Corporate income tax avoidance in America
I also argued at that time that corporations don't really pay taxes anyway. Consumers do. As taxes are raised, prices consumers pay for goods go up to cover them. So if we're looking to "stick it" to the corporations, we have to remember that we're the ones really paying for it. (And do we really need higher prices now?) My third argument against making corporations pay hefty income taxes is the effect it has on innovation and the creation and maintenance of a company. The more costs involved in doing business, the less attractive it is to start a company, and the more likely it is that the companies (and jobs) will go elsewhere.
One think tank suggests that corporate income taxes will be the next big "scandal" in business. (And don't news watchers love scandals?) There are many legitimate loopholes in the tax code, and companies pay big bucks to consultants and tax experts who help find them. But then there's the fine line that can be crossed... over into the illegal world of tax evasion.
And that's what some say is the next big story. The Internal Revenue Service estimates that corporations illegally avoided $32 billion in taxes in 2001. That's pure guesswork on their part, but the figure seems alarming. And can you imagine the cost of all the tax return audits?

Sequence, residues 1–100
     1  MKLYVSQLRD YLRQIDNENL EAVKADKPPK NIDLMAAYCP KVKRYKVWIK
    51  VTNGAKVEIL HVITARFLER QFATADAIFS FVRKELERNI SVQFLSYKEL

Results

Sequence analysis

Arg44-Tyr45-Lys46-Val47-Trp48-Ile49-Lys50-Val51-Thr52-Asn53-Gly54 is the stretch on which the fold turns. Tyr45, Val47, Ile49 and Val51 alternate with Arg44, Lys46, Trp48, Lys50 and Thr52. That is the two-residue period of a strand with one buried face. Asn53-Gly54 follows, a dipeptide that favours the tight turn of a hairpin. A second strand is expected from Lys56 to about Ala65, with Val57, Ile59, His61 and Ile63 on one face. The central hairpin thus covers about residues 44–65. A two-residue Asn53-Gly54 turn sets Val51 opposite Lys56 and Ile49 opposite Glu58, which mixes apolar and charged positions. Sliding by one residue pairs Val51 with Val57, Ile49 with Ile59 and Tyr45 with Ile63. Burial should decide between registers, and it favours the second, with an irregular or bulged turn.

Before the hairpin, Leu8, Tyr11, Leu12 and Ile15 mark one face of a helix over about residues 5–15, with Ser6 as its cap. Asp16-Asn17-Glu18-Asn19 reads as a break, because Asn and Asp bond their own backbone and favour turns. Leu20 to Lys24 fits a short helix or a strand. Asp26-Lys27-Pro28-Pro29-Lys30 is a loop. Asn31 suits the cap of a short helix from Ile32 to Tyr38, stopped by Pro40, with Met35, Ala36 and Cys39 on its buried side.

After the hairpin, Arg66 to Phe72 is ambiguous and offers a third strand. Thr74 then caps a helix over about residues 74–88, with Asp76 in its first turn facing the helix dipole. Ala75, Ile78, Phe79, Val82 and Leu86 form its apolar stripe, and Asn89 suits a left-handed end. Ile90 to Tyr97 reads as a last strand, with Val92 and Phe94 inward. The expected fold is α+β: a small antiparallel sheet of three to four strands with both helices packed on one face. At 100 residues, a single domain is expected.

We've got an expensive, broken system. It's a complicated system that is largely unfair across the board (Did you know that half of American households pay no income tax?), is expensive to comply with, is even more expensive and difficult to enforce, and is no longer useful. The tax system in America is clearly not working and we need an alternative.
Why not scrap our income tax system in exchange for a system like the Fair Tax, which is far more equitable, much easier and less expensive to enforce, and more widely understood by the average taxpayer? The proposed system would wipe out income taxes and replace them with a national sales tax on retail purchases. Taxpayers would no longer be penalized by the government for earning money. They'd only be subject to taxes when they spend that money. Provisions are built into the system to ensure that poor people would not be unfairly burdened. And this system would be much easier to enforce than the current income tax system. It's something to think about...
Tracy L. Coenen, CPA, MBA, CFE performs fraud examinations and financial investigations for her company Sequence Inc. Forensic Accounting, and is the author of Essentials of Corporate Fraud.